VITAL SIGNS: The grass menagerie

VITAL SIGNS: The grass menagerie - Entertainment on grass means going back, oh, about 100 years. It's hard to be modern sitting out in Windsor Great Park (polo) or at Glyndebourne.

by PETER YORK, in his persona as Peter Wallis, is managing directorof consultants SRU e-mail: peter@sru.co.uk
Last Updated: 31 Aug 2010

Entertainment on grass means going back, oh, about 100 years. It's hard to be modern sitting out in Windsor Great Park (polo) or at Glyndebourne.

In fact it's pointless to even try. Most of the desirable plein-air events are what's left of the Victorian Season, supported by corporate money.

The corporate money thing is key. The green stuff is usually the absolute top end of the corporate spend. They take you away and feed and water you for the best part of a day; it's very well done - and by a very nice class of company too. Pilar Boxford of Cartier is the doyenne of corporate hostesses and she does a lovely line in green entertaining, things like the Cartier polo, garden parties at the Chelsea Physic Garden and Style et Luxe at Goodwood.

A number of these green survivals are royal, some of them explicitly (Ascot), some of them because senior royal people go and do royal things.

What do the sponsors get out of it? Good photo-opportunities, obviously, and a chance to get close to the people they want to know better - big clients, potential clients, key journalists. The fact is that people really want to go to these summer season parties, even those who get asked to everything.

This mix of upper-class turf and corporate purpose makes people behave oddly. At Ascot, according to John Morgan, Britain's answer to Miss Manners: 'People start to feel they're extras in My Fair Lady and they get very Edwardian.'

Anyway, you should be in there, boy; if you can possibly squeeze yourself into Glorious Goodwood or Glyndebourne or Henley or any of the rest on any ticket, you should. Because (a) the spend per head is huge if it's major corporate stuff, (b) it's terrific observation material, and (c) when everyone is thoroughly destabilised by being drunk and playing Edwardian there are all sorts of opportunities to network.

For most people from the sponsoring companies this kind of thing - posh, rich, green, continuous good drink - is a large part of their psychic reward for doing whatever it is they do. It's terribly important to them, because this is often the life they want their nice new money to buy them.

Dress people up for Ascot and they start acting the part. Dress them down/country them up a bit for a race meeting and something transmits itself from the brown shoe leather, the mud-coloured worsted and the dun tweed. There's always a period precedent, a book or a costume drama to slip into. However aggressively nouveau you are, you'll be period nouveau like Tommy Lipton (Edward VII's favourite rich grocer friend, who took him yachting) or an Agatha Christie character or Gatsby.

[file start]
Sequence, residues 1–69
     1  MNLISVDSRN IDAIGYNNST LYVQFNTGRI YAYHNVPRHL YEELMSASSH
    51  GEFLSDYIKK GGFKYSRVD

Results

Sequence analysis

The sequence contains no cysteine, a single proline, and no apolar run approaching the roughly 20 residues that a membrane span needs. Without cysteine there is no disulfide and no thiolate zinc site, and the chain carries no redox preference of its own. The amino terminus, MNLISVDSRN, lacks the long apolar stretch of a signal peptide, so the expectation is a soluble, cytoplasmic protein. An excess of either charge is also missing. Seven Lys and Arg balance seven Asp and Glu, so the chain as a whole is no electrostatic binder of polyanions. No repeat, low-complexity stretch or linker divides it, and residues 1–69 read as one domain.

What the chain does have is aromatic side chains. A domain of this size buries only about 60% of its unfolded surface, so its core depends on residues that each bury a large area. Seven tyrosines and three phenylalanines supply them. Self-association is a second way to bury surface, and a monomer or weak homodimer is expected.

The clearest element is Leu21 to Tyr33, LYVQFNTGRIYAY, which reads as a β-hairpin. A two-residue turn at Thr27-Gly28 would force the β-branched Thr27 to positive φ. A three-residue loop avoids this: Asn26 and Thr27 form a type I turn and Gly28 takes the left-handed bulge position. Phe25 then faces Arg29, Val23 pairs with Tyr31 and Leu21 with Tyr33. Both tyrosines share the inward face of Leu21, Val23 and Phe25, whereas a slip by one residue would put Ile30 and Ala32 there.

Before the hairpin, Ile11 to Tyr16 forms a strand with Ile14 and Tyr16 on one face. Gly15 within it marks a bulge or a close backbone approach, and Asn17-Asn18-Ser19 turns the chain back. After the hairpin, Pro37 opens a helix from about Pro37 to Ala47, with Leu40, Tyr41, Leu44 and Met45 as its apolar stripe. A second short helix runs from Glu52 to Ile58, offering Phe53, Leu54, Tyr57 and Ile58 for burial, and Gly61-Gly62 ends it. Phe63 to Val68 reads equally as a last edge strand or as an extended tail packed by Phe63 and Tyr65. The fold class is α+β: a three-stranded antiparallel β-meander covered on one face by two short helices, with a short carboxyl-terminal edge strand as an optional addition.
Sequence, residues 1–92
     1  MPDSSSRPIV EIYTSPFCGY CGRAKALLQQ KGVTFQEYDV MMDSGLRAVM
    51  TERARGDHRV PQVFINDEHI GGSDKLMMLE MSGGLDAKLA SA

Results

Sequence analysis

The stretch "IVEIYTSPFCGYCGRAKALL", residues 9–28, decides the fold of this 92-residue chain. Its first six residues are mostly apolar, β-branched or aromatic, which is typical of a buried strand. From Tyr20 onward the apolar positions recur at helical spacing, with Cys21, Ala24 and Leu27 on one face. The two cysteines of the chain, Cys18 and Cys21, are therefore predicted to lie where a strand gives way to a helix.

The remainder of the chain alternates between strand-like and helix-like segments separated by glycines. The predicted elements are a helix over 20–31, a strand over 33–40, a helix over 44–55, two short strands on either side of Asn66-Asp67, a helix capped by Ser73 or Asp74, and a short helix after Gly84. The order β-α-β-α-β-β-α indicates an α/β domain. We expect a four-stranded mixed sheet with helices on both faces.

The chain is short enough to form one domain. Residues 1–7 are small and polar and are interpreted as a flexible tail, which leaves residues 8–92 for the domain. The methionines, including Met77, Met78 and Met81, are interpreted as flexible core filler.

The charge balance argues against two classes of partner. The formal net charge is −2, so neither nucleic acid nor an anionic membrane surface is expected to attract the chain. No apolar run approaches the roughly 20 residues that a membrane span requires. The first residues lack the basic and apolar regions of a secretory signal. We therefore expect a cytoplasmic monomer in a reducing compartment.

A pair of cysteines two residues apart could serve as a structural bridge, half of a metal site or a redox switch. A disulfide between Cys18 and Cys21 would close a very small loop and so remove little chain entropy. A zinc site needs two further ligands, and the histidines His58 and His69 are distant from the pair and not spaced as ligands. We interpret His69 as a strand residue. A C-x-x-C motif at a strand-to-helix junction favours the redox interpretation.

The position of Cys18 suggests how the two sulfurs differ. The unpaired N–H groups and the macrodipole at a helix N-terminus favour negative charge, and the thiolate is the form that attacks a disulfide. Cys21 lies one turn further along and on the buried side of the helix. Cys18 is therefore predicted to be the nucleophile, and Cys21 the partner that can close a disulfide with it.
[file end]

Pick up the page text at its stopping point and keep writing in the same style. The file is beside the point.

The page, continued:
Go with the flow. A lot of corporate life is acting anyway: absurd structures, ridiculous job titles, a vocabulary learnt from airport books that dates the moment you use it; so a few rituals on grass won't hurt.

The ultimate garden party, however, isn't corporate but institutional.

The royal garden parties are intended as a regular tonic for the nation, as a reward for years of public service, or for a bit of pro bono from straight-arrow profit-maximisers. All human life is there, a regular cavalcade.

You might find your chairman there, basking in his new knighthood, you might find the postroom supervisor, retired five years ago but with a Secret Life raising hundreds of thousands for wheelchairs or sick children.

It's wonderfully levelling and distinctly surreal.

But royal garden parties aren't exactly obvious network opportunities.

That means more modest entertainments. Your divisional director's barbie has its precedents in Australian and American affairs of the '50s, with vicarage tea party and Laura Ashley thrown in.

Anyway, the point is you can't be too archaic for these things - food, manners, dress-code, the lot. Just like black tie, it can be profoundly democratic, simply because the rules are so well documented. For a general guide to the context - ie, who made these green rules and how the calendar runs - I can recommend three wonderfully wise and witty books. The Official Sloane Ranger Handbook by Ann Barr and Peter York sets the tone; The Official Sloane Ranger Diary - same authors - describes the events; and The Official Sloane Ranger Directory is good on caterers and clothes shops.

John Morgan's Debrett's New Guide to Etiquette and Modern Manners or his recent Times Book of Modern Manners will equip the chippiest Essex dot.com made-it-for-life on the Pinewood back lot.

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